High Court dismisses North's challenge to Brexit
A judge is to rule on the UK's first court challenge to Brexit later.
A case at Belfast High Court opposing British Prime Minister Theresa May's ability to trigger Brexit negotiations by next March was taken by a cross-community group of politicians and human rights campaigners.
They want to establish that devolved decision-makers at the Stormont Assembly can veto Brexit, assert rights to consultation over whether to launch talks with Europe and protect peace process guarantees enshrined in the 1998 Good Friday Agreement which largely ended republican and loyalist violence.
The judge has dismissed the UK's first legal challenge to Brexit.
Mr Justice Paul Maguire said the implications for Northern Ireland were still uncertain after British Prime Minister Theresa May said she would begin exit negotiations with Europe before March.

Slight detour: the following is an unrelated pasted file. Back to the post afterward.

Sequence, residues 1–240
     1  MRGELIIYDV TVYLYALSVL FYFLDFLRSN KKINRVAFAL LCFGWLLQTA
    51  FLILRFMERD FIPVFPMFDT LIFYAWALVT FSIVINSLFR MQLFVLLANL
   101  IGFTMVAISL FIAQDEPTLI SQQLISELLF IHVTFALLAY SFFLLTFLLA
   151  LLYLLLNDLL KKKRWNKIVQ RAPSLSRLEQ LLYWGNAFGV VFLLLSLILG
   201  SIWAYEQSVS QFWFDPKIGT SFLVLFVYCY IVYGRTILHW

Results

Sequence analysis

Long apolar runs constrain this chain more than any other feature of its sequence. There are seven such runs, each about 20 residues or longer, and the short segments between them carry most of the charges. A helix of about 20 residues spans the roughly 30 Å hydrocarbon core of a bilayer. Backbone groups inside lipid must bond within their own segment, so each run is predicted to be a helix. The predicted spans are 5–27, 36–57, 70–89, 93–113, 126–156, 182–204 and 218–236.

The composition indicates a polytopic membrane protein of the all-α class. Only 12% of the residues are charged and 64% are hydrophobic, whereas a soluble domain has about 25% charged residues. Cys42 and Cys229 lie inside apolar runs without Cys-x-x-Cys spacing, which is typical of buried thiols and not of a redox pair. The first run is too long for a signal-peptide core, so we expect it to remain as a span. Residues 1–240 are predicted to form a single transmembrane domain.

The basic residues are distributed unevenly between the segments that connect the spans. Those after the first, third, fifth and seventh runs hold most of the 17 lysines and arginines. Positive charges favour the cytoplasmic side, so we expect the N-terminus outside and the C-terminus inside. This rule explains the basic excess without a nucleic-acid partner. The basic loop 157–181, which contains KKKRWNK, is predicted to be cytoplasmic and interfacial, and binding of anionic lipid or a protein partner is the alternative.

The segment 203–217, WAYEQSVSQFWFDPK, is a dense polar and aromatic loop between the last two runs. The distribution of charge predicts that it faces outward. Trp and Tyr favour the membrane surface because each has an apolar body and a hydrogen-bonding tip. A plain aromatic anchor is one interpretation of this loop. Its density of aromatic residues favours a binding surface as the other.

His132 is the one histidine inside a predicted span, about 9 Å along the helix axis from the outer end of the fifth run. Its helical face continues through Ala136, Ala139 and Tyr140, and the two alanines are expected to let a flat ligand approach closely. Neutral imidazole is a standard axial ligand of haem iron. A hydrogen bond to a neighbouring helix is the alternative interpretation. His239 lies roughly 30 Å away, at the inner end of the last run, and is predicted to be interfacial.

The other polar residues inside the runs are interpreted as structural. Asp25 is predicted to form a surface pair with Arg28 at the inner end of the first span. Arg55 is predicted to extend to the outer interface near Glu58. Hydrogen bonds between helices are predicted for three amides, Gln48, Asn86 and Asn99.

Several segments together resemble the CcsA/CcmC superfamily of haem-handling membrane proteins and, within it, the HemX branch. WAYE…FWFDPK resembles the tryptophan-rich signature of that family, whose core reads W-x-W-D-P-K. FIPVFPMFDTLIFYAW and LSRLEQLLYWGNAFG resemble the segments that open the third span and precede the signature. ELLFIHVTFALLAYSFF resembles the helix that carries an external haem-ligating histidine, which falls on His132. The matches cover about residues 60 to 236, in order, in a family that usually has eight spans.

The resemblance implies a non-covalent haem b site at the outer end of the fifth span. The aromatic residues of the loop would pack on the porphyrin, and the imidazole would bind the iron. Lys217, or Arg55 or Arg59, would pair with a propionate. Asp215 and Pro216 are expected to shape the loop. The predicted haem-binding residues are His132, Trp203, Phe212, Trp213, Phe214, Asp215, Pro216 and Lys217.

A cross-party group of politicians had claimed the country should have a veto on an exit and said the Stormont Assembly should have a say on whether to trigger negotiations with Europe.
Raymond McCord, whose son was murdered by loyalist paramilitaries, had a separate Brexit challenge surrounding its impact on the peace process heard alongside that of the politicians at the High Court in Belfast.
Mr Justice Maguire said: "While the wind of change may be about to blow, the precise direction in which it will blow cannot yet be determined so there is a level of uncertainty, as evidenced by the discussion about how the Northern Ireland land border with Ireland was affected by withdrawal from the EU."
He added: "In respect of all issues, the court dismissed the applications."